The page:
Republican Governor John Kasich of Ohio, a staunch opponent of President Donald Trump, is reportedly considering a plan to challenge Trump in 2020 as part of a “unity” presidential ticket with Democratic Governor John Hickenlooper of Colorado.
Under the plan, both Kasich and Hickenlooper would leave their respective parties and run as independents with Kasich at the top of the ticket, according to sources who spoke with Axios; the sources cautioned the idea of a “unity” ticket has only been casually talked about.
“The idea of a joint ticket has been discussed, but not at an organizational or planning level,” said the source. “What they are trying to show the country is that honorable people can disagree, but you can still problem solve together. It happens in businesses and it happens in families. Why can’t it happen in Washington?”
Hickenlooper and Kasich have been holding joint press conferences to discuss their healthcare proposal, and will reportedly expand their platform to include immigration and job creation. They are also in talks with “major media companies” about a possible podcast or cable show.
“Watch on the policy front as they expand beyond healthcare and also include other governors into the coalition,” added the anonymous source.
For his part, Hickenlooper has refused to rule out running alongside Kasich, telling Politico earlier this month “I don’t think it’s in the cards. But I do like the idea of working with him in some context at some point.”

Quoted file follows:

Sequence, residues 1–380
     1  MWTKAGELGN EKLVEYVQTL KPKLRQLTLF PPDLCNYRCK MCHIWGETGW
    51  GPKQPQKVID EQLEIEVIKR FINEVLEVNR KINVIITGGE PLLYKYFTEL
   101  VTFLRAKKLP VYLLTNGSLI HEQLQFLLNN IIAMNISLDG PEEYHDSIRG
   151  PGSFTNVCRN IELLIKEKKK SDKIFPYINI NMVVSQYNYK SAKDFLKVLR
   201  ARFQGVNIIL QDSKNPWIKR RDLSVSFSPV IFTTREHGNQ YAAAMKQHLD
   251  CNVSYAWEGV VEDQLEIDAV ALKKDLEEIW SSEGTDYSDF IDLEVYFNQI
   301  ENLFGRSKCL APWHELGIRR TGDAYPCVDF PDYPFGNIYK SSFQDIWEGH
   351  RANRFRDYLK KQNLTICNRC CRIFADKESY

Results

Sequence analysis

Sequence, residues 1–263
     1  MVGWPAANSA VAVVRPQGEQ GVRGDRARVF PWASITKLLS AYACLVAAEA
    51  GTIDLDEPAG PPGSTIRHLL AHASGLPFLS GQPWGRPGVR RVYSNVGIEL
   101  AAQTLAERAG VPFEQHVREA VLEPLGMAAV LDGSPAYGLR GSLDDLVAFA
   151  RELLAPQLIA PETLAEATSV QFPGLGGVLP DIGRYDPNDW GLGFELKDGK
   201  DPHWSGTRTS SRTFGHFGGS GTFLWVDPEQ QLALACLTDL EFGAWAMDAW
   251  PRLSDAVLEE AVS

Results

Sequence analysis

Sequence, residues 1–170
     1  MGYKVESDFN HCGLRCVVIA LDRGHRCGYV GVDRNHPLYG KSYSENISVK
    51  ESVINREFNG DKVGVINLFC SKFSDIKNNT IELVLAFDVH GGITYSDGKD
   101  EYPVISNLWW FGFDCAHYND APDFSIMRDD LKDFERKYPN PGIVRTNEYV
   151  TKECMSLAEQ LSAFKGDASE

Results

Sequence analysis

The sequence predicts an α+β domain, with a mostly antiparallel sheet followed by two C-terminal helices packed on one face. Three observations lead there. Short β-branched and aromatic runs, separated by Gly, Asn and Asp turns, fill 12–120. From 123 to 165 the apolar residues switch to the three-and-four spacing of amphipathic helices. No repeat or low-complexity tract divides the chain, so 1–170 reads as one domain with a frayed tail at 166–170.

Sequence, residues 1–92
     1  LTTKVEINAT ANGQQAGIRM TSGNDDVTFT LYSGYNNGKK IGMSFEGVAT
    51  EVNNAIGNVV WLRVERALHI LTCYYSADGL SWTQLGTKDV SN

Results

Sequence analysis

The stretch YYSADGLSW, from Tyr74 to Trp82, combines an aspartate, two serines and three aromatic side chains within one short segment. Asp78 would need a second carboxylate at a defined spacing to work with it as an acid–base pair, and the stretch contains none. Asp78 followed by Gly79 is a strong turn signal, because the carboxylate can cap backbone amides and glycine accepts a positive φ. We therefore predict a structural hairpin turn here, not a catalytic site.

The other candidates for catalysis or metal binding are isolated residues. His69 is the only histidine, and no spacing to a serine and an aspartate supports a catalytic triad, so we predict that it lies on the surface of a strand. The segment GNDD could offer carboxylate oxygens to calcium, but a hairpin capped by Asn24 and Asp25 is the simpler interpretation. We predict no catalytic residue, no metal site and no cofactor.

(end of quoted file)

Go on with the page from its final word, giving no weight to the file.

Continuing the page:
Kasich has made no secret of his dislike of President Trump following his defeat in the Republican presidential primary in 2016. Despite public statements indicated he will not run against Trump, sources close to Kasich told NBC’s Willie Geist there is a growing sense of “moral imperative” to run in 2020.
Moderate Republicans are already publicly speculating about a challenge to President Trump in 2020, with Arizona Senator Jeff Flake suggesting Trump is “inviting” a primary challenge.
“I think he could govern in a way that he wouldn’t,” he said in an interview with Georgia Public Broadcasting. “But, I think that the way that — the direction he’s headed right now, just kind of drilling down on the base rather than trying to expand the base — I think he’s inviting [a challenge].”
Maine Senator Susan Collins said “It’s too difficult to say,” whether or not Trump will be the Republican nominee in 2020.